On June 30, 1995, the hearing officer ruled without the benefit of an evidentiary hearing, based upon the two annuity applications submitted by the petitioner, that pursuant to the Board's regulations (which preclude a finding of disability if the applicant's monthly earnings exceed $500),5 he was not entitled to a disability annuity. The hearing officer found that Thornton's statement that his income from the church was a "love offering," as well as the letter that appeared to be issued by the church's financial secretary confirming his retirement and the continued "love offering," was "less than credible." R. at 24. Further, the hearing officer found the payments petitioner was receiving from the church to be "too large, regular in disbursement, and consistent in amount" to be considered gratuitous. R. at 21. Moreover, the hearing officer found that Thornton's age and service annuity application, which was filed after his disability annuity application, served to confirm that he was still employed by the church.


On July 20, 1995, petitioner appealed the hearing officer's decision to the full three-member Board, which, on May 16, 1996, adopted and affirmed the hearing officer's decision with additional comments. The Board found that petitioner receives approximately $245 per week from the church and agreed with the hearing officer that Thornton works exclusively and full-time for the church, and further that the regular weekly payments received from the church cannot be characterized as a "love offering" or gift. The Board also ruled in agreement with the hearing officer that there were no questions of fact warranting a hearing and that Thornton was not disabled as a matter of law because the level of his reported earnings exceeded the $500 maximum permitted under the Board's regulations. Accordingly, the Board concluded that petitioner was not eligible for a disability annuity under the Act. His appeal was denied and Thornton now petitions this court for review.

II. Discussion


When reviewing a final decision of the Board, "[t]he findings of the Board as to the facts, if supported by evidence and in the absence of fraud, shall be conclusive." 45 U.S.C. § 355(f). We will reverse the decision of the Board only if it is not supported by substantial evidence. Stith v. United States R.R. Retirement Bd., 902 F.2d 1284, 1287 (7th Cir.1990). Substantial evidence is " 'such relevant evidence as a reasonable mind might accept as adequate to support a conclusion.' " Id. (quoting Richardson v. Perales, 402 U.S. 389, 401, 91 S.Ct. 1420, 1427, 28 L.Ed.2d 842 (1971)). Thornton argues that the Board denied him the due process provided by both statute and the Board's own regulations, when it affirmed the hearing officer's decision which found, without conducting a hearing, that petitioner was ineligible for a disability annuity.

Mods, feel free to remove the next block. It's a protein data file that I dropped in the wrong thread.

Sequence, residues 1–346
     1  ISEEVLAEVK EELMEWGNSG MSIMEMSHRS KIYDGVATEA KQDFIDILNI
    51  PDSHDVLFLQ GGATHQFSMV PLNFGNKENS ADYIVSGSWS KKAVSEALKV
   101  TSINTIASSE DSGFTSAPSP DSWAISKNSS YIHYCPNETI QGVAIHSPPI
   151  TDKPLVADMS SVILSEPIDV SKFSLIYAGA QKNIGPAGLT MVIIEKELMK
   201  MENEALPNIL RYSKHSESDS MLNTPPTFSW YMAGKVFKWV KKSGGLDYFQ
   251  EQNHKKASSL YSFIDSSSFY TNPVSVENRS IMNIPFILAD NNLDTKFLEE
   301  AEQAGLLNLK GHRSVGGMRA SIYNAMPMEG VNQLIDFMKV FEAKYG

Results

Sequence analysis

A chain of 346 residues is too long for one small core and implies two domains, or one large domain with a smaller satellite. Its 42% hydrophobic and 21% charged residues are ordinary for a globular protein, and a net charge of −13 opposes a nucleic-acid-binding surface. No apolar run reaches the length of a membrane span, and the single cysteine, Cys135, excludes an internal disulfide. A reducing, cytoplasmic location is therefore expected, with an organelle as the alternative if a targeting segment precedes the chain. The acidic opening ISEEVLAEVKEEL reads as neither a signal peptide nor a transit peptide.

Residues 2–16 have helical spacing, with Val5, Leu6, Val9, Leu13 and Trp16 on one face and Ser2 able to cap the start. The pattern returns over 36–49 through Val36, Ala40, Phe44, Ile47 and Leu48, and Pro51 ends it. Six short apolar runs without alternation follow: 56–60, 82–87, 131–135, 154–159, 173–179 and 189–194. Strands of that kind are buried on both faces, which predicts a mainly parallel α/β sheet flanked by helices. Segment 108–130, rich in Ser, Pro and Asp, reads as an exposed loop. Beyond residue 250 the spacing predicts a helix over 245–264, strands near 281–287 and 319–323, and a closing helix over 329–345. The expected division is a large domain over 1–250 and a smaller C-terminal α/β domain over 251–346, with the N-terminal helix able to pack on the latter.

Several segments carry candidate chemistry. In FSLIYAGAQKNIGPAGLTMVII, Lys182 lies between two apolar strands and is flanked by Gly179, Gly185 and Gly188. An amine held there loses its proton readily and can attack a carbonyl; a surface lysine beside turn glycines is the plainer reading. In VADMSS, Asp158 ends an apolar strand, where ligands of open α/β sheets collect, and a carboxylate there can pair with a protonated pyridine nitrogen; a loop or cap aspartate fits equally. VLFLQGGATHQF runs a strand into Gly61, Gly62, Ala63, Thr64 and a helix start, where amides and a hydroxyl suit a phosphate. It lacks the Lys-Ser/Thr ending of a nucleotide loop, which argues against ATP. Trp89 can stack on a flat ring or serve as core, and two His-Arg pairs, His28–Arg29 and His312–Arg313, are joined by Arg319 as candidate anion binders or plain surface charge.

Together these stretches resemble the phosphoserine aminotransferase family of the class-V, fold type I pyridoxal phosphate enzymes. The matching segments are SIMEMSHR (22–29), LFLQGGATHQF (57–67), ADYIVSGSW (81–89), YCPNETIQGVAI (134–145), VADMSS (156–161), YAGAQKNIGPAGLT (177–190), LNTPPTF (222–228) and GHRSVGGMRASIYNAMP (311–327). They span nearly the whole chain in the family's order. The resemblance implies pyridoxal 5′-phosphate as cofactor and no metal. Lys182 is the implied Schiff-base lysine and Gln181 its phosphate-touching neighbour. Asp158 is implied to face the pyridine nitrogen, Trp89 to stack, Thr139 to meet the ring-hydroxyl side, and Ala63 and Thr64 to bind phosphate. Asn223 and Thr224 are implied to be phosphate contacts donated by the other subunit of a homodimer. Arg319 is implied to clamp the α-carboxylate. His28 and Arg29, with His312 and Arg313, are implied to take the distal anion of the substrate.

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Section 231a(1)(v) of Title 45 entitles qualified railroad retirees to an annuity if their "permanent physical or mental condition is such that they are unable to engage in any regular employment." The Board's regulations state that in order to qualify for a disability annuity, the applicant "must have a severe impairment, which makes him or her unable to do any previous work or other substantial gainful activity which exists in the national economy." 20 C.F.R. § 220.26 (1996) (emphasis added); see also Smith v. United States R.R. Retirement Bd., 85 F.3d 224, 226 (5th Cir.1996). "The [Board's] regulations further set forth the method by which the Board shall determine whether a claimant is disabled from any regular employment." Id. at 226 n. 5. "If a claimant is working, and the work is substantial gainful activity, the Board will find that he or she is not disabled regardless of his or her impairments...." 20 C.F.R. § 220.100(b)(1) (1996) (emphasis added). Moreover, the Board employs "guides to decide whether the work the claimant has done shows that he or she is able to do substantial gainful activity." 20 C.F.R. § 220.143(a) (1996). If the claimant's earnings "averaged more than $500 a month" the Board will "consider [that such] earnings ... show that the claimant has engaged in substantial gainful activity." 20 C.F.R. § 220.143(b)(2)(vii) (1996). We have previously applied a comparable regulatory-based presumption6 in the Social Security disability benefits context. See Stevenson v. Chater, 105 F.3d 1151 (7th Cir.1997); Wolfe v. Shalala, 997 F.2d 321 (7th Cir.1993).